Why it is important to do this review

Studies of head and neck cancer patients receiving immunonutrition in the perioperative period have not conclusively demonstrated benefit (Stableforth 2009). We carried out a systematic review of randomised controlled trials in 2009 to determine whether perioperative immunonutrition has a role in the treatment of head and neck cancer (Stableforth 2009). In this review we examined 10 trials investigating the effects of immunonutrition in patients treated surgically for head and neck cancer. A reduction in the length of postoperative hospital stay was seen, but the reason for this reduction was not clear (Figure 1). Most trials were too small to provide precise estimates of intervention effects. There were insufficient data to exclude substantial effects of immunonutrition on clinical outcomes or biochemical and immunological parameters. Since the publication of this review in 2009 there have been further studies identified which merit evaluation and inclusion in an updated review (Buijs 2010; De Luis 2009; De Luis 2010; Felekis 2010; Sorensen 2009). Cochrane methodology will enable a full and balanced review of the literature.

 FigureFigure 1. Length of hospital stay.

 

Objectives

  1. Top of page
  2. Background
  3. Objectives
  4. Methods
  5. Acknowledgements
  6. Appendices
  7. Contributions of authors
  8. Declarations of interest
  9. Sources of support

To assess the effects of immunonutrition treatment, compared to standard feeding, on postoperative recovery in adult patients undergoing elective head and neck surgery.

 

Methods

  1. Top of page
  2. Background
  3. Objectives
  4. Methods
  5. Acknowledgements
  6. Appendices
  7. Contributions of authors
  8. Declarations of interest
  9. Sources of support
 

Criteria for considering studies for this review

 

Types of studies

Randomised controlled trials (RCTs). We will include quasi-randomised trials but these will be subject to a sensitivity analysis. We will include studies irrespective of language and publication status.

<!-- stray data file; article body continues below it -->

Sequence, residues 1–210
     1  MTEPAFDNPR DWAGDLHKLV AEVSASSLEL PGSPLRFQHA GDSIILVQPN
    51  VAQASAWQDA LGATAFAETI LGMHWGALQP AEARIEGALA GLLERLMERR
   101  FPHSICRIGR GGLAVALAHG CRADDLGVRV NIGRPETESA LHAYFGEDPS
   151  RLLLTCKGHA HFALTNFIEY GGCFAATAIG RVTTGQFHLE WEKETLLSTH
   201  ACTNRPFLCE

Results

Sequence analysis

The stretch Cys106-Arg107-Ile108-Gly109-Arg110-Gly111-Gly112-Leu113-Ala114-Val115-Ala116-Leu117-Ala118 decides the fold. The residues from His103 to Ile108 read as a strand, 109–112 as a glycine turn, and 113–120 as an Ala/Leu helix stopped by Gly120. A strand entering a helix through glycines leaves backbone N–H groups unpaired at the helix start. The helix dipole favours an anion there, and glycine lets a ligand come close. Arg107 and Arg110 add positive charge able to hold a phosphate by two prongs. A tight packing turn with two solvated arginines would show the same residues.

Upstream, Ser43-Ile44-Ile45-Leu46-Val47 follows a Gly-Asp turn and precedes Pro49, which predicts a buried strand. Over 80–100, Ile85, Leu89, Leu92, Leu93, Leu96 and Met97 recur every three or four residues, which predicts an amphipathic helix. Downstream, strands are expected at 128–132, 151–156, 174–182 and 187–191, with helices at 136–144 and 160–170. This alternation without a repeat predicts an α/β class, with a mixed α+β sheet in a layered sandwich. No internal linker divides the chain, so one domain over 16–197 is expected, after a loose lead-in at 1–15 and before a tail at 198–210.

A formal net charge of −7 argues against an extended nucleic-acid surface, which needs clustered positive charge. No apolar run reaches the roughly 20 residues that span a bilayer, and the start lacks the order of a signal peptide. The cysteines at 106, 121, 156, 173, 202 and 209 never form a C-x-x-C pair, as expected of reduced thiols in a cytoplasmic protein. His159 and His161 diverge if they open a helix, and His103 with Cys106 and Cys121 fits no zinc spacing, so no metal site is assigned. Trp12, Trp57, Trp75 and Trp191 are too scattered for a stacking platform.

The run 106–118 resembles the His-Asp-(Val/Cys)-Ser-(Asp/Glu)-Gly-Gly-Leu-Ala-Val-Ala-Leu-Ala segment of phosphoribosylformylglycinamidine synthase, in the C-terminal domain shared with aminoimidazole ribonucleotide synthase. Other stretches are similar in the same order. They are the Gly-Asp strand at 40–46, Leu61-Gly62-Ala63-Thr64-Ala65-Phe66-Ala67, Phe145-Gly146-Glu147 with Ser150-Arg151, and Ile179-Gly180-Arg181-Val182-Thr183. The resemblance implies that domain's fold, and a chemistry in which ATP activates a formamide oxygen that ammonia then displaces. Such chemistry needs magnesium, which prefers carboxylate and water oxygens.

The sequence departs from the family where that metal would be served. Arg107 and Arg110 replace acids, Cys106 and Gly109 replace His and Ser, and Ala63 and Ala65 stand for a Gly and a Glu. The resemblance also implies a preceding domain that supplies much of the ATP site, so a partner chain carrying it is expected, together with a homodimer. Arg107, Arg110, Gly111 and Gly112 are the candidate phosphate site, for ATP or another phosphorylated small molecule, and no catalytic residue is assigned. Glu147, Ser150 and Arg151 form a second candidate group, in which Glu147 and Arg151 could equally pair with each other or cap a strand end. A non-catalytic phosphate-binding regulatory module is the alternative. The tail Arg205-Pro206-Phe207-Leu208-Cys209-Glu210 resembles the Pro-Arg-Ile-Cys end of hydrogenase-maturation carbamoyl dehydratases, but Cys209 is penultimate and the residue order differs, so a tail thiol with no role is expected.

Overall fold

We will exclude non-randomised studies, such as cohort studies, because of the increased potential for bias. We will also exclude cross-over trials as this methodology is not suitable for evaluating an intervention that must be given at a specific time point.

 

Types of participants

We will include all adult patients (18 years of age or older) undergoing an elective surgical procedure for head and neck surgery for cancer under a general anaesthetic. 

 

Types of interventions

The intervention will be polymeric nutritional supplements with immunonutritional additives given by an enteral route. In order to be included, studies will need to plan to administer the immunonutrition preoperatively, postoperatively or both pre- and postoperatively. Co-intervention with other oral or parenteral substances will be permitted as long as the dose of immunonutritional additives is quantified. The content of each immunonutrition formula varies between products and we will record the product used and its contents for each study.

The control group will receive either traditional care (intravenous fluids) or polymeric nutritional supplements.

 

Types of outcome measures

 

Primary outcomes

  • Length of hospital stay: measured in days
  • Wound infections and/or fistula formation
  • Adverse events

 

Secondary outcomes